Some studies have shown that, 2 years after treatment initiation with latanoprost, a significant IOP reduction was sustained, without evidence of reduced effectiveness over that period.[18,19] Also, the differences between diurnal and nocturnal IOP levels were not statistically significant, which suggests a relatively homogeneous hypotensive effect around-the-clock, contrary to what has been described with other ocular hypotensive medications.
When comparing these 2 drugs, IOP reduction tended to be greater with bimatoprost in both short-term[21–24] and long-term studies. In the per-protocol analyses of the XLT Trial, IOP levels tended to be lower in bimatoprost-treated patients although it did not reach statistical significance. Moreover, that study used bimatoprost at 0.03%, as opposed to the concentration of 0.01% widely used today. Noecker et al described a significantly greater IOP reduction during all tonometric measurements in the group of patients treated with bimatoprost compared with latanoprost, although another study did not show a statistically significant advantage.
It has been suggested that the peak IOP may be an important risk factor for progression;[28–31] therefore, glaucoma management should focus not only on reducing IOP but also maintaining its stability over the 24-hour period. The mean IOP has also been shown to strongly correlate with glaucoma progression, unlike IOP fluctuation, the importance of which remains questionable.[32,33]
Although the detection of IOP peaks greatly depends on appropriate IOP monitoring during and outside office hours, IOP mean calculation requires the collection of longitudinal IOP data and may be affected by the interval between visits. Therefore, establishing a target peak IOP is clinically easier than seeking to establish a target mean IOP, as it has been done in clinical trials.[4–6]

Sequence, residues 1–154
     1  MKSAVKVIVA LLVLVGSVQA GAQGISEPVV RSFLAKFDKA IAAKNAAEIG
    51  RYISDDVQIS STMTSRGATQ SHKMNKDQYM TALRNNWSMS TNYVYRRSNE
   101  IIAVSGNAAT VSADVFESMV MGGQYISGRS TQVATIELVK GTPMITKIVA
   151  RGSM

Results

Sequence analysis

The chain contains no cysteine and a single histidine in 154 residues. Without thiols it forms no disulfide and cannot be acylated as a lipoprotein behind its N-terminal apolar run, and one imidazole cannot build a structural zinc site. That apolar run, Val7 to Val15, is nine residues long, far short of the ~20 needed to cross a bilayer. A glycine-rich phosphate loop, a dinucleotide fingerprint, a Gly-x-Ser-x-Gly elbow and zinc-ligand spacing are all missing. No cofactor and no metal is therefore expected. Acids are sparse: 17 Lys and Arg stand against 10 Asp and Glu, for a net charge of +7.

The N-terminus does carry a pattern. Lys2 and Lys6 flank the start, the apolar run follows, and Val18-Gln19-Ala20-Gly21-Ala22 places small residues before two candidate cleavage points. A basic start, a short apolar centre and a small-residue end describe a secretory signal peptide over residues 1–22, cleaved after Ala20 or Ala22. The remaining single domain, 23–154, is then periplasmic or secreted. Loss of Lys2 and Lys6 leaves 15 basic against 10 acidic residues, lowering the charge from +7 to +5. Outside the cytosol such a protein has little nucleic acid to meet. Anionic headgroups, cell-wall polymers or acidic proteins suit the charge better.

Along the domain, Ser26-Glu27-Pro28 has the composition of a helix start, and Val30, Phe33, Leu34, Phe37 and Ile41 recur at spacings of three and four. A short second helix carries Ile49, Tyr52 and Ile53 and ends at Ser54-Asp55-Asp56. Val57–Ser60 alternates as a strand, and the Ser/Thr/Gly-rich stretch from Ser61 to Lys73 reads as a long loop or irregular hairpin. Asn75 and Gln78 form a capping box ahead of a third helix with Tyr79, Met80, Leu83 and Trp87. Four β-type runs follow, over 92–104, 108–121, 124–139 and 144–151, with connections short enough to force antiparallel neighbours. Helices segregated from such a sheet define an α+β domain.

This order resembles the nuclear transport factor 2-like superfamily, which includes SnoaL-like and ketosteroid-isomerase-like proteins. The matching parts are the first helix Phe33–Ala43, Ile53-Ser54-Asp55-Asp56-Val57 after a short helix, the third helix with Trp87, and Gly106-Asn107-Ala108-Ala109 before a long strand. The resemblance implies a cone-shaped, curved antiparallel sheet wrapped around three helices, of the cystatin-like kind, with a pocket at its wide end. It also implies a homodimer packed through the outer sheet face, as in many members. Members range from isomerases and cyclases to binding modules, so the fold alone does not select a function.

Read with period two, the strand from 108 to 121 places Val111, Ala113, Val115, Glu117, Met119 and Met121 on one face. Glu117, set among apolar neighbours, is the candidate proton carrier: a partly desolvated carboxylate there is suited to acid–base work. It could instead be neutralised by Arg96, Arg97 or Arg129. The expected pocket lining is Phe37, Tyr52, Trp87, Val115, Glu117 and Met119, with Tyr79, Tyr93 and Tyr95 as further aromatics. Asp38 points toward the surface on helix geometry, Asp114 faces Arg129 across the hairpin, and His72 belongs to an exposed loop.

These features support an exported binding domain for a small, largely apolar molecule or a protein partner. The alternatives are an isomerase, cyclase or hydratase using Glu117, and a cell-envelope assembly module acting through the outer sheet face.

An appropriate evaluation of the effectiveness of ocular hypotensive medications often requires the assessment of multiple IOP measurements throughout the day (eg, diurnal tension curves) and in different days. To overcome the limited feasibility of performing diurnal tension curves in large scale, studies have shown that the water drinking test (WDT), a stress test that indirectly assesses the outflow capacity, could be used to detect IOP peaks not identified during office hours with single IOP measurements.[34,35] Different study groups have shown that the WDT can replicate IOP peaks occurring during and outside office hours and between different days. Moreover, the test-retest variability of the WDT has been reported to be excellent among treated and untreated glaucomatous eyes. Because of its validity[36–38] and reproducibility,[39,40] this stress has been used in studies aiming to compare the effectiveness of different medical[41,42] and surgical[43,44] options to lower IOP in glaucoma. In the present study, we used the WDT to assess the peak IOP variations following modifications of medical treatment in glaucoma patients.
The purpose of this study was to investigate IOP variations after switching from 0.005% latanoprost (Xalatan) to 0.01% bimatoprost (Lumigan RC) in patients with open-angle glaucoma (OAG) who experienced a reduction of the hypotensive effect during treatment with latanoprost used alone or in conjunction with other topical hypotensive drugs.
J Glaucoma. 2016;25(4):E359-E366. © 2016 Lippincott Williams & Wilkins